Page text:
Ghana’s rising inflation is due to external factors well as depreciation of the Cedi – Laporte

The World Bank Country Director for Ghana, Liberia, and Sierra Leone, Pierre Laporte has said the rising rate of inflation in Ghana is party due to the external factors as well as the depreciation of the Cedi.

The August inflation has reached 33.9 percent. This is a 2.2 percent increase in the July figure of 31.7 percent.

Mr Laporte called for urgent steps to be taken by the managers of the economy to address the depreciation of the local currency.

Speaking in interview with TV3’s Paa Kwesi Asare on the Business Focus, Mr Laporte also said Ghana must quicken its move to get a programme under the International Monetary Fund (IMF) to deal with the economic challenges.

“There is an urgency, Ghana needs to tackle these problems with urgency. What is happening in the few months is that inflation has gone up partly because of what is happening  upside  but also party because the  currency has depreciated.

“From where I sit, if nothing happens it will be very difficult for Ghana to find another way out domestic debt structuring is very difficult. Why? Because typically banks will invest in government papers, bonds and when you ask banks to care of stuffs like that it affects the capital adequacy  and it pits at risk these banks where by  international debt are easier to reschedule  or restructure.”

Ghana is seeking a programme under the Fund.

The Managing Director of the IMF Kristalina Georgieva stated that a deal between Ghana and the IMF should be reached and finalized before the end of the year.

READ ALSO:  Gov't suspends 20 percent of expenditure in approved 2022 Budget

In a closed-door meeting with President Nana Addo Dankwa Akufo-Addo on Monday, September 5, on the sidelines of the Africa Adaptation Summit, in Rotterdam, Netherlands, she told him “we understand the urgency, and we will move as quickly as possible”.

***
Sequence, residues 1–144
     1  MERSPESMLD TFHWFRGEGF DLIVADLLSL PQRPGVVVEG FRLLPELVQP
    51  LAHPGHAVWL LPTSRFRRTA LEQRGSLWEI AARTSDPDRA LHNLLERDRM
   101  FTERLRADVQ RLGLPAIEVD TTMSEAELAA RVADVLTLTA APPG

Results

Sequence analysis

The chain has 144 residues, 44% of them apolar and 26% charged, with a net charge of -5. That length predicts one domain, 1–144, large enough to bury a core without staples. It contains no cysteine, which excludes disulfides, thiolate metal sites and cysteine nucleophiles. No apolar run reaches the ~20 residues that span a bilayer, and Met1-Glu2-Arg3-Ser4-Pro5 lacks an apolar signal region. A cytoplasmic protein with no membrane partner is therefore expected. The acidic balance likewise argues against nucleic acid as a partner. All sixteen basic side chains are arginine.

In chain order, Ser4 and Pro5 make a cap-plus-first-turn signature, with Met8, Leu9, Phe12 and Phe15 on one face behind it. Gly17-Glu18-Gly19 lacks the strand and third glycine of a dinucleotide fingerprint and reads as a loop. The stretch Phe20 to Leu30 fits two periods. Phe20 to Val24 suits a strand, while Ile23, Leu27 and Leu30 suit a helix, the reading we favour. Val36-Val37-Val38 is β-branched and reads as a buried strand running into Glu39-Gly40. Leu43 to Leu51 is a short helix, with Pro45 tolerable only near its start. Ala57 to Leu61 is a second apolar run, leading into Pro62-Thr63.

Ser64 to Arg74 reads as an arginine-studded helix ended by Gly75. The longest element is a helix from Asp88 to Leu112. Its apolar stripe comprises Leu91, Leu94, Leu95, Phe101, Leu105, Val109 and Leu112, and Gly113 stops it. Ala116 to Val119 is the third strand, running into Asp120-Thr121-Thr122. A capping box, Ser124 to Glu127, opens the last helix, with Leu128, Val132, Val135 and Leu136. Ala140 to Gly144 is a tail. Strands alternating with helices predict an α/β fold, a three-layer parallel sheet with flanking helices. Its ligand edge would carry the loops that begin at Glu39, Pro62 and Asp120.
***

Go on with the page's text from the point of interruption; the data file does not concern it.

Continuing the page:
Describing Ghana as a “superb country”, she reiterated the determination of the Fund to work with Government and the Ministry of Finance, and ensure that an agreement is in place before the end of the year.

On his part, President Akufo-Addo indicated to the IMF boss that a lot of work has been done by Cabinet and the Ministry of Finance, and the document to be presented by the Ghana side “is ready for the scrutiny of the IMF”.

Meanwhile, Kristalina Georgieva has emphasized that Ghana’s current economic challenges are not locally generated but from external shocks.

Speaking on the sidelines of the Fund’s engagements with the Ghanaian delegation, Kristalina Georgieva stated that contrary to the narrative that Ghana is not in these challenges because of any bad policies of the Akufo-Addo administration, the IMF boss stated that the factors are exogenous.

“We have started very constructive discussions already and to the people of Ghana, like everybody on this planet, you have been hurt by exogenous shocks,” she said.

She mentioned the extraneous factors which have contributed to Ghana’s economic woes, leading to the West African country seeking a programme from the IMF.

“First the pandemic, then Russia’s war in Ukraine. We need to realize thar it is not because of bad policies in the country but because of this combination of shocks, and, therefore, we have to support Ghana,” she said.

READ ALSO:  Economic growth momentum softened despite strong rebound from the pandemic - BoG

She also indicated that Ghana is a member of the IMF, “a strong country with fantastic people”, and as such it is incumbent on the Fund to lend the country support.

Kristalina Georgieva also indicated “we have to support Ghana because your strength contributes to the strength of your neighbours; it contributes to a stronger world”.

Ghana is before the IMF for $3 billion to help the country navigate through the hostile economic crisis it finds itself in as a result of the adverse effects of the deadly coronavirus pandemic and the ongoing conflict between Russia and Ukraine.

By Laud Nartey||Ghana